Agricultural improvements have yielded tremendous results, decreasing the number of undernourished people by 167 million in the last ten years alone. However, these improvements have often been made by increasing the amount of land under cultivation – a practice that cannot continue indefinitely. Agricultural expansion has also come at a price: soil erosion, deforestation and water pollution – compounded by higher and more volatile global temperatures – have already begun to reduce agricultural productivity. For this reason, Mercy Corps works to ensure agro-systems around the world are economically productive, nutritionally diverse and efficient – both today and in the future.
We help smallholder farmers – farmers with less than 1 hectare of land – and pastoralists develop their production capacity so they can increase productivity and weather environmental shocks and stresses. We also focus on improving agriculture-related products and services by working with traders, input suppliers, processors and government bodies. And our holistic approach extends further – to improving the nutrition of people who consume agricultural products. This might mean increasing a crop's nutritional value by improving how crops are harvested, stored and transported. We also work with families to help them diversify the crops they grow and educating communities about the benefits and conditions of good nutrition.
All stories about Agriculture
India: A Skilled Trade to Last a Lifetime
The word "manokamana" holds a special place in the hearts of the Nepali people who populate the Himalayan foothills around Darjeeling, India. It signifies one of the culture's most sacred places — a holy site in Nepal — and literally translates as "good wish of the mind."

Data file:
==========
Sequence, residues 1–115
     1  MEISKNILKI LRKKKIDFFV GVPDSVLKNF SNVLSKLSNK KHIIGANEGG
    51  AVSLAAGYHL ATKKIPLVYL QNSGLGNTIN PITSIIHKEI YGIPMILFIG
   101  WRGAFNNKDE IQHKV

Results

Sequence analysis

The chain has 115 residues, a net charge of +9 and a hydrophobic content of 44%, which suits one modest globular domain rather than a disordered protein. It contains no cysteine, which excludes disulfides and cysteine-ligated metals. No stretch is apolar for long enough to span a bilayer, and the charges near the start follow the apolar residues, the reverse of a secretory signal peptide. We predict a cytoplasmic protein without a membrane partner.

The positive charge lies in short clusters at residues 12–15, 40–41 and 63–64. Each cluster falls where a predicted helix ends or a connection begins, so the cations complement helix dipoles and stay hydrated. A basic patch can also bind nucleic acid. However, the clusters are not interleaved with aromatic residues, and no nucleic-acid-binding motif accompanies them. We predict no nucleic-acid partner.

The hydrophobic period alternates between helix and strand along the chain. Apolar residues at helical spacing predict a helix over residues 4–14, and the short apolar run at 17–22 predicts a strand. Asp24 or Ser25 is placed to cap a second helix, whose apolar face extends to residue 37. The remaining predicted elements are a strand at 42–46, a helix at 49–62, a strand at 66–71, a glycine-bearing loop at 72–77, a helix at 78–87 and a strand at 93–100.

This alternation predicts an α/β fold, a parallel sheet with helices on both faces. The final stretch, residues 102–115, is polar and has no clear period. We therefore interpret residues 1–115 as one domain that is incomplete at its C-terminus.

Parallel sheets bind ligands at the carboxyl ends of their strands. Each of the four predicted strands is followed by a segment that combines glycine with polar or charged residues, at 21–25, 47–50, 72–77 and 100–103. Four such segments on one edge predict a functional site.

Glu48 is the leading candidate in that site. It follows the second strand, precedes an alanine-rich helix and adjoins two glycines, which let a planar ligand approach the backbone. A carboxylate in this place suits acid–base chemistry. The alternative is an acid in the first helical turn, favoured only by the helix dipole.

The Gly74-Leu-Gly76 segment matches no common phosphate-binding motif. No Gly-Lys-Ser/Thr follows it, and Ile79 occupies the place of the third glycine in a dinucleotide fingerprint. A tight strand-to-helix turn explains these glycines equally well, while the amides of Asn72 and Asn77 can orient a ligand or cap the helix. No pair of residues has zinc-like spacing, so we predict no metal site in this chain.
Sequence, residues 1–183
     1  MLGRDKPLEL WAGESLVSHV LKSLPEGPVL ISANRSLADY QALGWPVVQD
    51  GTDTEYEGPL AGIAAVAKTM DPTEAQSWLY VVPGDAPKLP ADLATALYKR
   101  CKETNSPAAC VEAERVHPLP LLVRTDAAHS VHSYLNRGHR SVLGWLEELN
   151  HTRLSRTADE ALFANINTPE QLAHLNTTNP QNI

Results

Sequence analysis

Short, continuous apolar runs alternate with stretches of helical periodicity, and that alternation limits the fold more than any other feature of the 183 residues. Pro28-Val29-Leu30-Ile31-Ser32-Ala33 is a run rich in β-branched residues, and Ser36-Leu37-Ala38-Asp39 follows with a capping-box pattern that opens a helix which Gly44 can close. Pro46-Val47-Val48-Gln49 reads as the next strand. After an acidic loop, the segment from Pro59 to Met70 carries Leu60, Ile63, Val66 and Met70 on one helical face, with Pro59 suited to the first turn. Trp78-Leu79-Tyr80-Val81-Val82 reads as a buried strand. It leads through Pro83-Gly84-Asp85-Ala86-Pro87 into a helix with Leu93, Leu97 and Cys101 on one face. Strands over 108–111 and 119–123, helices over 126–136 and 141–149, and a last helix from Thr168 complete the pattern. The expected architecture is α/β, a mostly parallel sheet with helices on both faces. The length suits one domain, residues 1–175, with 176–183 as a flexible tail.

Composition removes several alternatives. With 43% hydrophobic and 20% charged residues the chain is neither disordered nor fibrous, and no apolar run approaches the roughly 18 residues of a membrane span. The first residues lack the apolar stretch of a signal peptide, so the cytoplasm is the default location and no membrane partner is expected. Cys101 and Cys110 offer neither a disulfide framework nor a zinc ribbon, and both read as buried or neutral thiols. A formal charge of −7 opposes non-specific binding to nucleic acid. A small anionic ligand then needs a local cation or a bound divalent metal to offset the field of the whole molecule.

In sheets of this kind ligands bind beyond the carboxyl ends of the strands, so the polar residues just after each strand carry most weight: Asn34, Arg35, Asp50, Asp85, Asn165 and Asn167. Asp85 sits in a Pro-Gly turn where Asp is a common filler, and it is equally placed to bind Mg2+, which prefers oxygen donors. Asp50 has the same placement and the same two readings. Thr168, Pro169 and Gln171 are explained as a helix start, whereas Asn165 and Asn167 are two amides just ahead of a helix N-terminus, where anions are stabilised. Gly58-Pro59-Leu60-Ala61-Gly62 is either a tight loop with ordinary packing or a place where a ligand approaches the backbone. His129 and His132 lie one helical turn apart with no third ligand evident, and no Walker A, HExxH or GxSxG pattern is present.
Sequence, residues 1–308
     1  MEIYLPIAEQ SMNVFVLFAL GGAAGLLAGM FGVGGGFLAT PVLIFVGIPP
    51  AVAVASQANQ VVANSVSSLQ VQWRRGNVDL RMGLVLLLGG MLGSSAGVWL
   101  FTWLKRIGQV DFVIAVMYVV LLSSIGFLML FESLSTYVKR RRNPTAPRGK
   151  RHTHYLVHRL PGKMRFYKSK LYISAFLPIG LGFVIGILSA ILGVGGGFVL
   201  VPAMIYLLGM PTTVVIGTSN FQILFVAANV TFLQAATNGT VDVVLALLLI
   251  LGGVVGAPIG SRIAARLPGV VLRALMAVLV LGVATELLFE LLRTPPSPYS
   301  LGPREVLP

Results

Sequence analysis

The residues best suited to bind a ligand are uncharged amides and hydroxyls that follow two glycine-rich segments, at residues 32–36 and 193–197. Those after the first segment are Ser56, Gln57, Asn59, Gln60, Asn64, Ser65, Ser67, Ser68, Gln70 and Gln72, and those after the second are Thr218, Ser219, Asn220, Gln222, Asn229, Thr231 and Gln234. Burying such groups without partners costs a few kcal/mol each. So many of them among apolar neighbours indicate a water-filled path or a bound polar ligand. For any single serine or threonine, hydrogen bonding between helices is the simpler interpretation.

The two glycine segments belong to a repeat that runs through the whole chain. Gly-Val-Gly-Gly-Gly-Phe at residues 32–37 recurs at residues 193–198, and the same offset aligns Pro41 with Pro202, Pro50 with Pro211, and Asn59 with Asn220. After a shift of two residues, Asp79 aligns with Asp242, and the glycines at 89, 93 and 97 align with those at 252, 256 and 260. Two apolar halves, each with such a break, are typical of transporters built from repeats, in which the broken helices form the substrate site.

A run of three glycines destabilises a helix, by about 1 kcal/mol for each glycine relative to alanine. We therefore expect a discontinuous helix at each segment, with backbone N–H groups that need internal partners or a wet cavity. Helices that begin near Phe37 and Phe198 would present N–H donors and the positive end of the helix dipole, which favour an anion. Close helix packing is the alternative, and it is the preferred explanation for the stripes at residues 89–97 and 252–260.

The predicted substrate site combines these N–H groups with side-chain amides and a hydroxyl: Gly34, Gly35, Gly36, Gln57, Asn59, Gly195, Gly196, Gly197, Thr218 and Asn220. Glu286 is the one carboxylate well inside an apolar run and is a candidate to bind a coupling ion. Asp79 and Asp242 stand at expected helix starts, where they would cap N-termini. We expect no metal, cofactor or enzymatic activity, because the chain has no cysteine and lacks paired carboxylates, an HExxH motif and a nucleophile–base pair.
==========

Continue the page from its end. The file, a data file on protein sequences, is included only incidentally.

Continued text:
Guatemala: Part 1: Owning the land
Guatemala: Worth The Wait
Alta Verapaz, Guatemala — Machetes are ubiquitous here in rural Guatemala, and Valeriano wields his expertly as he slashes away at weeds on his hillside field.
Guatemala: It Begins With Land
To most rural Guatemalans, land means everything.
DR Congo: Rainstorms, Lava and a Human Flood
I recently watched as the rain fell for hours over Goma. From the comfort of a house, rain in tropical Africa is spectacular, even magic. But for the thousands displaced Congolese waiting out the storm in their twenty-four square foot huts made of sticks and banana leaves, it is hell.
China: Finding Hope on the Side of the Road
One day as 40-year-old Guo Peiling was rummaging around the neighborhood for his recycling business, he found a school for his youngest daughter.
China: Planting Day
For many families throughout the world, the spring days when family gardens are planted are a cherished annual tradition. As seeds are sown, loved ones take time to talk, laugh and share thoughts. With any luck, the food grown in the family plot will nourish them later that year.
China: Perfect Harmony Family
China: Both Ends of the Long Road
It is a long road between southwestern China’s myriad green hillocks and the congested outskirts of the country’s teeming cities.
Indonesia: Aceh: Rising from War and Disaster
The Indian Ocean tsunami quite literally shook the world. The magnitude 9.3 earthquake that spawned its catastrophic waves was the second most powerful on record. The waves traveled with such force that, seven hours after the earthquake, they killed almost 300 people on Somalia's coast.